Take the example of Russell Blake who is a self-published author and who has released 25 books in the last 30 months  He was recently profiled by the Wall Street Journal in an article dated Jan 7, 2014.  Here’s the link:

The article is a fascinating read!  I was struck by the fact that Mr. Blake started outsourcing certain aspects of the self-publishing process so he could focus more on the writing aspect.  After all, isn’t writing the main aspect of being a writer/author?  I was also fascinated by how he positioned himself to be able to outsource those pieces and I think all writers/authors should take note of the lessons they can learn from what Mr. Blake has done.

I haven’t read any of his books – yet – but, I’m very curious about his process as a writer and once you read this article, you will be as well.

Thursday, January 23, 2014

The Rest of the Story! by DL Larson

A news broadcaster, Paul Harvey, used to have a segment on his radio show called, The rest of the story. He would share back-stories with his audience to reveal a truth few knew existed. It was usually entertaining, noteworthy and just plain interesting. I thought of Paul Harvey when I received this little story and decided to share it with you today.

I take no credit in the writing. I don't know who wrote it, and I'm pretty sure it's true, but again, it may be somebody's imagination. What it is ... is a good bit of writing that feels informative, and above all entertaining!

Here goes:

Subject: Who is Mr. Gorsky?
In case you didn't already know this little tidbit of trivia, on July 20, 1969, as commander of the Apollo 11 Lunar module, Neil Armstrong was the first person to set foot on the moon.

His first words after stepping on the moon, "That's one small step for man, one giant leap for mankind," were televised to earth and heard by millions. But just before Armstrong re-entered the lander, he made the enigmatic remark, "Good luck, Mr. Gorsky."

Many people at NASA thought it was a casual remark concerning some rival Soviet cosmonaut. However, upon checking there was no Gorsky in either the Russian or American space programs.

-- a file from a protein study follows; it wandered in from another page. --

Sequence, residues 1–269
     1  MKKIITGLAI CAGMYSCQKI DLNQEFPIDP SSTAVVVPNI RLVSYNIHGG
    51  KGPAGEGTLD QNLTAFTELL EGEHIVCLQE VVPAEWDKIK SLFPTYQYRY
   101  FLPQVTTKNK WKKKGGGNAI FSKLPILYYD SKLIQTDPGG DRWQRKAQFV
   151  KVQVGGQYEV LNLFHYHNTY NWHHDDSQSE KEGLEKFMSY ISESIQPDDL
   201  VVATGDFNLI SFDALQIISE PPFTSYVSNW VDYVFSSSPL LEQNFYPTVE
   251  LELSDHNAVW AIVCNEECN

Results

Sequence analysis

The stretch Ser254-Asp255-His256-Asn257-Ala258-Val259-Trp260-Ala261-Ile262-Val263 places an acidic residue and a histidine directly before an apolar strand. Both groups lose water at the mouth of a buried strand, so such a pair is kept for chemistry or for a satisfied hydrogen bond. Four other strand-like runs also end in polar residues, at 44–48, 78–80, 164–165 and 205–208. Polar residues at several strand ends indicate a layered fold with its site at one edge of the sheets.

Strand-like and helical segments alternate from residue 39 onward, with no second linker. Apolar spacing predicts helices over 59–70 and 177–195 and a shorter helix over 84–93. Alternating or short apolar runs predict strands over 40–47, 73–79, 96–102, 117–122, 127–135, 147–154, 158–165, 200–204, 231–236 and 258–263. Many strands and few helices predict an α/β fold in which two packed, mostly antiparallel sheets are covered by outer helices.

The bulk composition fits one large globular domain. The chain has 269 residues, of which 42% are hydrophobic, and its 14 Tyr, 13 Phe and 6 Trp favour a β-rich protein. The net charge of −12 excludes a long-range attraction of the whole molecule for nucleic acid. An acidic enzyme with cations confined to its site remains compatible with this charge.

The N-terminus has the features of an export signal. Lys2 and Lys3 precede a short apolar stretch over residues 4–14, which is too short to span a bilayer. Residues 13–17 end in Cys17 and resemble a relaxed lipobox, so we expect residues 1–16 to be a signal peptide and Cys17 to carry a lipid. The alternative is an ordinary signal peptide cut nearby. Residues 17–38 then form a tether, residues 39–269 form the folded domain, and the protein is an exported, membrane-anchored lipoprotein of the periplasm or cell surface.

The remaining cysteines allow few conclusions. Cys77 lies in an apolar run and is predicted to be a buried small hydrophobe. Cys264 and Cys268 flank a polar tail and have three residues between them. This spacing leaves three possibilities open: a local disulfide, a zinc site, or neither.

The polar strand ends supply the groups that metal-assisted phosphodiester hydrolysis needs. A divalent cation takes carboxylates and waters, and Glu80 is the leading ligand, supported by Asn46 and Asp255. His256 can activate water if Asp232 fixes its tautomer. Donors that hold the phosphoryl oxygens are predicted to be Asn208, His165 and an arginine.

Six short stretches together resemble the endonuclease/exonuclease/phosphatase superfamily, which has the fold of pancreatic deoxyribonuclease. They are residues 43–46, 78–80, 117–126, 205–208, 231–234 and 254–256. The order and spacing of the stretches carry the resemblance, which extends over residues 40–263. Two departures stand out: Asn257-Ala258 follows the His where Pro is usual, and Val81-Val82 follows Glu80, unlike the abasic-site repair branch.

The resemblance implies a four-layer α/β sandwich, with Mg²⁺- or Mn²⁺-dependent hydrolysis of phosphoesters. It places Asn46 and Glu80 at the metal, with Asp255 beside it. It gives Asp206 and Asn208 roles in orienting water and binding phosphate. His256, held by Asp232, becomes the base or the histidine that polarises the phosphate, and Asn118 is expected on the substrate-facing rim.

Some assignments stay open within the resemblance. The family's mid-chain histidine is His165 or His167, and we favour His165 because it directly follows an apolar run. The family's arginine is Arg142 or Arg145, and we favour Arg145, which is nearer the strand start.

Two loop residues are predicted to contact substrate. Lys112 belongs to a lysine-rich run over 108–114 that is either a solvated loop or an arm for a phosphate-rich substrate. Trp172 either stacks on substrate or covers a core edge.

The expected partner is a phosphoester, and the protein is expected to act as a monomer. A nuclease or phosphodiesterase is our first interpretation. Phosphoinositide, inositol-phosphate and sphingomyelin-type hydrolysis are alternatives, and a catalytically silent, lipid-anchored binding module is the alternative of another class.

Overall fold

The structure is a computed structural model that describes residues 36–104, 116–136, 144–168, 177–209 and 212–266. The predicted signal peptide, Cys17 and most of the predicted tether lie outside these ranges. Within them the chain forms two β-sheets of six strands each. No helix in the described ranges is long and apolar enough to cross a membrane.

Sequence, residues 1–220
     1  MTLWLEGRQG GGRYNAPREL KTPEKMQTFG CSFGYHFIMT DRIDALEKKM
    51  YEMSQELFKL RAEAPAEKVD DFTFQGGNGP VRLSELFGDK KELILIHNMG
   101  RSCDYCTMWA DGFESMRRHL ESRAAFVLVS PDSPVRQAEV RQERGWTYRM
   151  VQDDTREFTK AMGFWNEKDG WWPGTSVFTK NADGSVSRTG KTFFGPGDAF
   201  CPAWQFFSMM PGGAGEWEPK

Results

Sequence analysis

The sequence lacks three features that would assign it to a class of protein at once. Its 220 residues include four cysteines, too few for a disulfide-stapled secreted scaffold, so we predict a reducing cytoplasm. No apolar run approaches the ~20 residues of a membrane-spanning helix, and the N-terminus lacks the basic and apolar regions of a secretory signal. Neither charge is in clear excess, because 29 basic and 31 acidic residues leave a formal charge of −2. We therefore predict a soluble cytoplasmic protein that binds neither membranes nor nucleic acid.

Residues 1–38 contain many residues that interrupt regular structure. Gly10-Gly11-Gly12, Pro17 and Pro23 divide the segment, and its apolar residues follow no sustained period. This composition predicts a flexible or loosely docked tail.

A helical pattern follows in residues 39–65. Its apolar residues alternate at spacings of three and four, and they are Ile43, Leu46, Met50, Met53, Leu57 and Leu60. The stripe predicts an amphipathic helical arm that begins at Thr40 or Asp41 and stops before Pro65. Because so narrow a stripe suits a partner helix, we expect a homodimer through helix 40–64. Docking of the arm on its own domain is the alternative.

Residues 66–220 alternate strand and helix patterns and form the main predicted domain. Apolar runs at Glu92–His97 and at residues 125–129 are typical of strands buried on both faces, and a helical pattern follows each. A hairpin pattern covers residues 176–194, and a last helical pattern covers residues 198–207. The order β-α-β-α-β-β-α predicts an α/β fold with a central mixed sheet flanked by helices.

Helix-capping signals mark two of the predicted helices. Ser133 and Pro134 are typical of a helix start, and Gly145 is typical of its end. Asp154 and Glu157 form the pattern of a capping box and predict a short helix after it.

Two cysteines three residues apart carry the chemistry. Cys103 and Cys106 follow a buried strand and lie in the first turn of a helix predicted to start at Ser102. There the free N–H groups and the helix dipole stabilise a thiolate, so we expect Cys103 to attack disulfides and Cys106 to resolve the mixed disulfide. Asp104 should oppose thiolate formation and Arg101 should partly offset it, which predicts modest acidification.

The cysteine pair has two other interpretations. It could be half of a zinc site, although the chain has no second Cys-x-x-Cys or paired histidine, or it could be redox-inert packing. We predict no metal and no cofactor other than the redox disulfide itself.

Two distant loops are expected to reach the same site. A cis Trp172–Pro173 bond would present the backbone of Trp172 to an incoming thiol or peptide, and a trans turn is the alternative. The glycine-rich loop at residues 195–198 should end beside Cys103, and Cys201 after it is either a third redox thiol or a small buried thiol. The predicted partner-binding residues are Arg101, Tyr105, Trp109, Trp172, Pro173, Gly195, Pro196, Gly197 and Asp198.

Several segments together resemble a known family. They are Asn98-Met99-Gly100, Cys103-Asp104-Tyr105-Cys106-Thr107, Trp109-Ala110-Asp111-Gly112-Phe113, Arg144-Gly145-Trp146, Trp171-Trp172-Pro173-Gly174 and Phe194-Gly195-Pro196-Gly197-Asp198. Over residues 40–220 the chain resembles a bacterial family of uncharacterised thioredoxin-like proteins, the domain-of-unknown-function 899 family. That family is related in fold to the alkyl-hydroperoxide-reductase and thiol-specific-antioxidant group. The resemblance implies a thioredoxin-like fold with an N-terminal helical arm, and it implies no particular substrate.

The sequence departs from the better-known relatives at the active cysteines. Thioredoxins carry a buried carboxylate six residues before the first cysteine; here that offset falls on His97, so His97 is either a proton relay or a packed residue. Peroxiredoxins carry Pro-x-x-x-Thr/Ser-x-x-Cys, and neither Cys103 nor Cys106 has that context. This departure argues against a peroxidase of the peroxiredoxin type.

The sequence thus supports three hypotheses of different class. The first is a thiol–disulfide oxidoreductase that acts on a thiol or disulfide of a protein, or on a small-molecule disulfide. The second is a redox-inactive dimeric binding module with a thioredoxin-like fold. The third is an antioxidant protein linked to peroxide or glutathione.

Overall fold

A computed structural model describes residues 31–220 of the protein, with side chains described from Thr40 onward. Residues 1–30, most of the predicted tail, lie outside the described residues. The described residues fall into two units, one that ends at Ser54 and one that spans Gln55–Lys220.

Over the years, many people questions Armstrong as to what the "Good luck, Mr. Gorsky" statement meant, but Armstrong always just smiled.

On July 5, 1995, in Tampa Bay, Florida, while answering questions following a speech, a reporter brought up the 26-year old question about Mr. Gorsky. This time Armstrong responded because Mr. Gorsky had died, he felt he could answer the question.

Here is the answer to "Who was Mr. Gorsky?"

In 1938, when Armstrong was a kid in a small mid-western town, he was playing baseball with a friend in the back yard. His friend hit the ball, which landed in his neighbors yard by their bedroom window. His neighbors were Mr. and Mrs. Gorsky.

As Neil leaned down to pick up the ball, he heard Mrs. Gorsky shouting at Mr. Gorsky, "Sex! You want sex! You'll get sex when the kid next door walks on the moon!"

Now go have some fun today!!

Til next time ~

DL Larson

Wednesday, January 22, 2014

Here's Marilyn (F.M.) Meredith, With the LowDown on Conferences and Conventions

Today, I'm happy to host multi-published mystery author, speaker, and more, the amazing Marilyn (F.M.) Meredith, who offers valuable insights on conferences and conventions. - Morgan Mandel

Marilyn Meredith is the author of over thirty-five published novels, including the award winning Deputy Tempe Crabtree mystery series. She borrows a lot from where she lives in the Southern Sierra for the town of Bear Creek and the surrounding area, including the nearby Tule River Indian Reservation. She does like to remind everyone that she is writing fiction. Marilyn is a member of EPIC, three chapters of Sisters in Crime, Mystery Writers of America, and on the board of the Public Safety Writers of America. 

Visit her at and follow her blog at

by Marilyn Meredith

Probably everyone who reads this will know the difference, but just in case, here’s my explanation. Conferences are more of the “how to” variety, how to write a mystery, how to create convincing characters, how to make sure you get your forensics right, how to kill someone off in a new and innovative manner, and so on. A mystery convention is geared to fans, those wonderful readers who love to read (and buy) mysteries and actually enjoy listening to authors talk about how they came to write their mystery, or how they did the research for it, or how they created their characters, and so on.